“I have carefully reviewed your request and your client’s immigration history. Your supporting documentation was given full consideration. I have conducted an inquiry into your request and based on the documentation reviewed, I have determined that your client’s case does not warrant a favorable action of discretion,” stated the letter signed by ICE Field Office Director, Michael J. Pitts.

Due to the federal immigration agency’s privacy policy, Pruneda said she could not “provide any particulars regarding the individual’s case.”

Lack of discretion

Part of the reason, federal immigration officials limit their use of discretionary action is because it has been so “flagrantly abused” in the past, said Mark Krikorian, executive director of the Center for Immigration Studies, a think tank in Washington D.C. that favors tighter control on immigration. Through illegal immigration reform legislation in 1996, Congress tightened the flexibility of the system, he said.

“We had and still have an immigration policy that is just a collection of lots of exceptions,” he said. “With immigration lawyers committed almost fanatically to opposing immigration enforcement, it is hard to allow that flexibility (in the immigration system) because they will take advantage of it, and they do, all the time.”
Those who have suffered from what Krikorian described as immigration attorneys’ and judges’ “exploitation of loopholes” are “the people who need flexibility the most.”

But immigration attorneys said the mentality of U.S. Immigration and Customs Enforcement to fill deportation quotas is tearing families apart and affecting the most vulnerable, hundreds of thousands of children. Like Lerma, many illegal parents ordered for deportation have no criminal history, attorneys said.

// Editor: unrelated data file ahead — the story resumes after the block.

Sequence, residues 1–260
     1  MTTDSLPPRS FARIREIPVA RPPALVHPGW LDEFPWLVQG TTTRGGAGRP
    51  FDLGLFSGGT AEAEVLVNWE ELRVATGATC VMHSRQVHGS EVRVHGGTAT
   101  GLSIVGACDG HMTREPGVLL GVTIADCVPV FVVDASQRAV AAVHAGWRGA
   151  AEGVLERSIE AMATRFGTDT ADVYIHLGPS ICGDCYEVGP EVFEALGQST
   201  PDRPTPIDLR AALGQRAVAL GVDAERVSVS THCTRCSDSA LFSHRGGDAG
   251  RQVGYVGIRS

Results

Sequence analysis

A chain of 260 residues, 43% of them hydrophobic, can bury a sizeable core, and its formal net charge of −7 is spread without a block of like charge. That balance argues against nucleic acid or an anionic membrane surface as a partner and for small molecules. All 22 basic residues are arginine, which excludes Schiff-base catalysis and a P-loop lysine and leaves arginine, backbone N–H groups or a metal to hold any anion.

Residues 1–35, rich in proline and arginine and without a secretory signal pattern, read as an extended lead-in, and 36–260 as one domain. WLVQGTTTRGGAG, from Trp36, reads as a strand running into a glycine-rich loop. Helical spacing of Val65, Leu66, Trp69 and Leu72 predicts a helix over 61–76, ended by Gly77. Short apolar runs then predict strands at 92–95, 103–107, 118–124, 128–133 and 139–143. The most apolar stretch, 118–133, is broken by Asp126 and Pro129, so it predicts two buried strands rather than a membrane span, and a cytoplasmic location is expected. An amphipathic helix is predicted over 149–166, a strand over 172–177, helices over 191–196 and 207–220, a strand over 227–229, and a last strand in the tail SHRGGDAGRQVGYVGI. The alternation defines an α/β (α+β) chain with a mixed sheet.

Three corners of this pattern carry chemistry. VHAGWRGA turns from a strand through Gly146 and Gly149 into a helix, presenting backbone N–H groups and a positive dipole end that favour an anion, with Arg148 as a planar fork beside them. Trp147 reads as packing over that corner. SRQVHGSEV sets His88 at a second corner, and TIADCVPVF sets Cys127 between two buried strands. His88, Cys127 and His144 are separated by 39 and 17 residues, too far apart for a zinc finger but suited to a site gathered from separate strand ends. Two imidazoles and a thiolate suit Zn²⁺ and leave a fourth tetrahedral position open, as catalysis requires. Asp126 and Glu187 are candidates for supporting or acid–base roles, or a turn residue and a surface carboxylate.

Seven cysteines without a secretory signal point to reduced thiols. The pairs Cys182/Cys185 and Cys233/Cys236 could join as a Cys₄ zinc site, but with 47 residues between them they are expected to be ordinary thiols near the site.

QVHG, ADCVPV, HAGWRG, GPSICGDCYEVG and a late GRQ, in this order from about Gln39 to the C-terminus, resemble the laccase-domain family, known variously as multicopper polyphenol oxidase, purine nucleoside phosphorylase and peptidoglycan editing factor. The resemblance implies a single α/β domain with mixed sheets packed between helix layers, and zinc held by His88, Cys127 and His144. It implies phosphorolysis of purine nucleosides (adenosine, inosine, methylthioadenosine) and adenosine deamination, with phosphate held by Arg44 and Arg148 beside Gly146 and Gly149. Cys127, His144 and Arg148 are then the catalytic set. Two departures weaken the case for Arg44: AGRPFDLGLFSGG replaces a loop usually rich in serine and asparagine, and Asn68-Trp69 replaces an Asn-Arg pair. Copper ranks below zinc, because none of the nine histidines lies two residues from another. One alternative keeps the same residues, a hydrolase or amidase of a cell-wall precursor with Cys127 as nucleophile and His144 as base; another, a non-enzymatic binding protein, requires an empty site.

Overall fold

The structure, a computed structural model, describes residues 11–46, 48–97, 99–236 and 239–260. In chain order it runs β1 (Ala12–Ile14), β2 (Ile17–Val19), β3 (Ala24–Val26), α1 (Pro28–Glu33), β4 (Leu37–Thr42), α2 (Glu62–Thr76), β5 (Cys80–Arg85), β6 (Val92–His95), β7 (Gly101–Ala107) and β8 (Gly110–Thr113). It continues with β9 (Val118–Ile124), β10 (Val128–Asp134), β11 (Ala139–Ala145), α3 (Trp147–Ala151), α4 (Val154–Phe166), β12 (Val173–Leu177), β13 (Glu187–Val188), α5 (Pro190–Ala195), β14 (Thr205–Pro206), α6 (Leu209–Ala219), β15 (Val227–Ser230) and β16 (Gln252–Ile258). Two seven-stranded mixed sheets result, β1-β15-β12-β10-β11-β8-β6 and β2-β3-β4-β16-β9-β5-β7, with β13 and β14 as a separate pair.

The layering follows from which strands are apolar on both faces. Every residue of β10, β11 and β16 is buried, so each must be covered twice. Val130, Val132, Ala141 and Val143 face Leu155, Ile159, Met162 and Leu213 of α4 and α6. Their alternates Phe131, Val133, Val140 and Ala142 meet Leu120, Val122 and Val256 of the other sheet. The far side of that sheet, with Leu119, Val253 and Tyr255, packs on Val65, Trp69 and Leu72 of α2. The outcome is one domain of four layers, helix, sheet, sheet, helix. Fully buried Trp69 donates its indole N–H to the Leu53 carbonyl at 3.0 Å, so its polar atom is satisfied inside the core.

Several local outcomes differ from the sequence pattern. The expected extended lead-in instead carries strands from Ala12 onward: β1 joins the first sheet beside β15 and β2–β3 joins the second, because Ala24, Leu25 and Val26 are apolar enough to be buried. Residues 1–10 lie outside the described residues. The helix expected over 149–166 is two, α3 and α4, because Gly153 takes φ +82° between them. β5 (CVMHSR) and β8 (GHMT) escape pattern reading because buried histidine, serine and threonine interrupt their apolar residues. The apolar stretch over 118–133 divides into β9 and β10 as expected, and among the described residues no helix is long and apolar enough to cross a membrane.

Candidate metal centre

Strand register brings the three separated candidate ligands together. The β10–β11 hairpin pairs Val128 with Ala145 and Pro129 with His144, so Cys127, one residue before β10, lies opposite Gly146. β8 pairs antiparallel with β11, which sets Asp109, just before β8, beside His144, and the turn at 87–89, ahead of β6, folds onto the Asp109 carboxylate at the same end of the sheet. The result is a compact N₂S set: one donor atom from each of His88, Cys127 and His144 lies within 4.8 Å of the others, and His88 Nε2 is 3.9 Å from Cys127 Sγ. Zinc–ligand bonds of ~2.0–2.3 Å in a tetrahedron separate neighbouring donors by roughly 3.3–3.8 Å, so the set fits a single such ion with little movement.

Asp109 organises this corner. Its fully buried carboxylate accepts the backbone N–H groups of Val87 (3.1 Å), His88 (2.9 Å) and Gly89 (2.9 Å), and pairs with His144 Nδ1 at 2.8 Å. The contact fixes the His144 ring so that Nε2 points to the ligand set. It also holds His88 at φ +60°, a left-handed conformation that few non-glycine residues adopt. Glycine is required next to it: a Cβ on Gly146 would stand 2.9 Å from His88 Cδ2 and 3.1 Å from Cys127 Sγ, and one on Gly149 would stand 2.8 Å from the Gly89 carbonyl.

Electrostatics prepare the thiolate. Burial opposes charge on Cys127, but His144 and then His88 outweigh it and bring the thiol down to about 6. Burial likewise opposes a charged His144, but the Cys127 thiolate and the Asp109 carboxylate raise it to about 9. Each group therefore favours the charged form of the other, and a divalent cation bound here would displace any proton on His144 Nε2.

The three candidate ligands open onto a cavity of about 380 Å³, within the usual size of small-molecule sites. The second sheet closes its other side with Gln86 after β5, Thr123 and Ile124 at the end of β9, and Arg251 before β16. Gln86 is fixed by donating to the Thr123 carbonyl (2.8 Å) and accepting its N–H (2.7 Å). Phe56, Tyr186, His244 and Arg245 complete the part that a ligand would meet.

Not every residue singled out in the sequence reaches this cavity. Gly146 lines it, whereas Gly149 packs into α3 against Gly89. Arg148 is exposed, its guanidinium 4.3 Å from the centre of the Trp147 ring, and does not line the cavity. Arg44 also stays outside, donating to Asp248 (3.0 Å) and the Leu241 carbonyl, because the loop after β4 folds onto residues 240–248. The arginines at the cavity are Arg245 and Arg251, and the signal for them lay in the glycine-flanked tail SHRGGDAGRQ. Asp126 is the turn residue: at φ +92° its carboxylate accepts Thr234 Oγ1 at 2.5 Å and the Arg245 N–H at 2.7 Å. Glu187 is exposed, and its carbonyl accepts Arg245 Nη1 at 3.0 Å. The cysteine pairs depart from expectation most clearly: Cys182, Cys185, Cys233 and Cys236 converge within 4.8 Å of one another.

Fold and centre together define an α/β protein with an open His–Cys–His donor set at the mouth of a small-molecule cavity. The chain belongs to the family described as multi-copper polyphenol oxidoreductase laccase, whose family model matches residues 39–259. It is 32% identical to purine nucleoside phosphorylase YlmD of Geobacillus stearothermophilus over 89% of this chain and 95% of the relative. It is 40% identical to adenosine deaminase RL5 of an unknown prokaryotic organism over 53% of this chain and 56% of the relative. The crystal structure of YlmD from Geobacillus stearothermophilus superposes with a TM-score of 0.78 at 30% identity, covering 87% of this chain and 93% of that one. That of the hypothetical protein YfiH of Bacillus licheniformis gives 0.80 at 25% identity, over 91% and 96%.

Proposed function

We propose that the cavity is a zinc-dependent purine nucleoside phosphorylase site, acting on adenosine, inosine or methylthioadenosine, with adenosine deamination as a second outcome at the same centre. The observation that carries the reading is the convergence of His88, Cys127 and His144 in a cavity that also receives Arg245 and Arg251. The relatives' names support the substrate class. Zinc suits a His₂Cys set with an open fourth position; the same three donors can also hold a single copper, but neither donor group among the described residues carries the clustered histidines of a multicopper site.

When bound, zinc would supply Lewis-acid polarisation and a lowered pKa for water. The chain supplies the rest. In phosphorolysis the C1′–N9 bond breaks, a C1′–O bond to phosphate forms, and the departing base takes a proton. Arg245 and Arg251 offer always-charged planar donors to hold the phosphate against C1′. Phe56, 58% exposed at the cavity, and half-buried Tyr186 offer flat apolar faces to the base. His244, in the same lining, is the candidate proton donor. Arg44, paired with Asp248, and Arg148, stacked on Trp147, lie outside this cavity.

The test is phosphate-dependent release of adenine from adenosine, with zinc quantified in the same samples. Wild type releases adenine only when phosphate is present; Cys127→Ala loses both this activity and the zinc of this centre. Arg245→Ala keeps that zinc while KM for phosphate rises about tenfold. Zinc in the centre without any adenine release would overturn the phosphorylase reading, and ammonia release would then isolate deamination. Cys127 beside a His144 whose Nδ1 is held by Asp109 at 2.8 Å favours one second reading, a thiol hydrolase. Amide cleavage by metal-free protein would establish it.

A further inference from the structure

“Legally, technically, under the law, are those people here illegally? They are,” Goodwin said. “But legally, technically, under the law is that the kind of person you want to deport? Our country, which is based on family values, wants to leave children without parents when they are terminally sick?”

Once parents’ requests to stay in country are denied, Goodwin continues to fight for their cases pro bono, often filing motions to reopen their cases based on an asylum theory, which has kept her clients in the United States.

But she says she has never won a case; the proceedings only “drag on and on and on.” She has worked on some client cases that have lasted for nearly 10 years.

“Those are the cases that really make me depressed,” Goodwin said. “You want to fix their problem but a lot of times fixing their problem is not winning their cases, it is losing it as slowly as possible.”

Angel’s future

Lerma, 32, crossed illegally into Brownsville from Matamoros, where she was born, when she was seven months pregnant with her first daughter. She wanted to escape what she described as an abusive relationship with her former husband. She is currently unemployed and Medicaid covers all the medical expenses for her son.

Doctors first told Lerma the boy was going to have a congenital disorder five months into her pregnancy. They suggested abortion, but she said she wanted “to give him a chance at life.”

When he was born, they did not bring the baby to Lerma right away because they said he looked “like a little monster,” she said. And within hours of his birth, he was flown by helicopter to a hospital in Corpus Christi, where doctors “gave him minutes, hours to live.”

“They only brought him to me for a few minutes to say good-bye because he might not ever wake up from the surgery,” she said. “They told me to be strong.”

Almost three years later, Barrera is now interacting and can acknowledge the world around him, said Dr. Elsa Mendoza, who has served as the child’s primary pediatric physician since birth.

He smiles when his mother kisses him. He attempts to wave when someone says his name. In the last four months, he has also begun to grab his toys and is now learning to sit himself up.

“We have made a difference in the child’s life,” Mendoza said. She is unsure if in Mexico he would be able to receive the best care but moving him out of the United States is certainly not the best option, she said.

But leaving him in the United States on his own is also putting the child in danger. The child’s prognosis is poor, and the doctor says, “he would not be able to survive in the United States without his mother.”

As published on April 10, 2010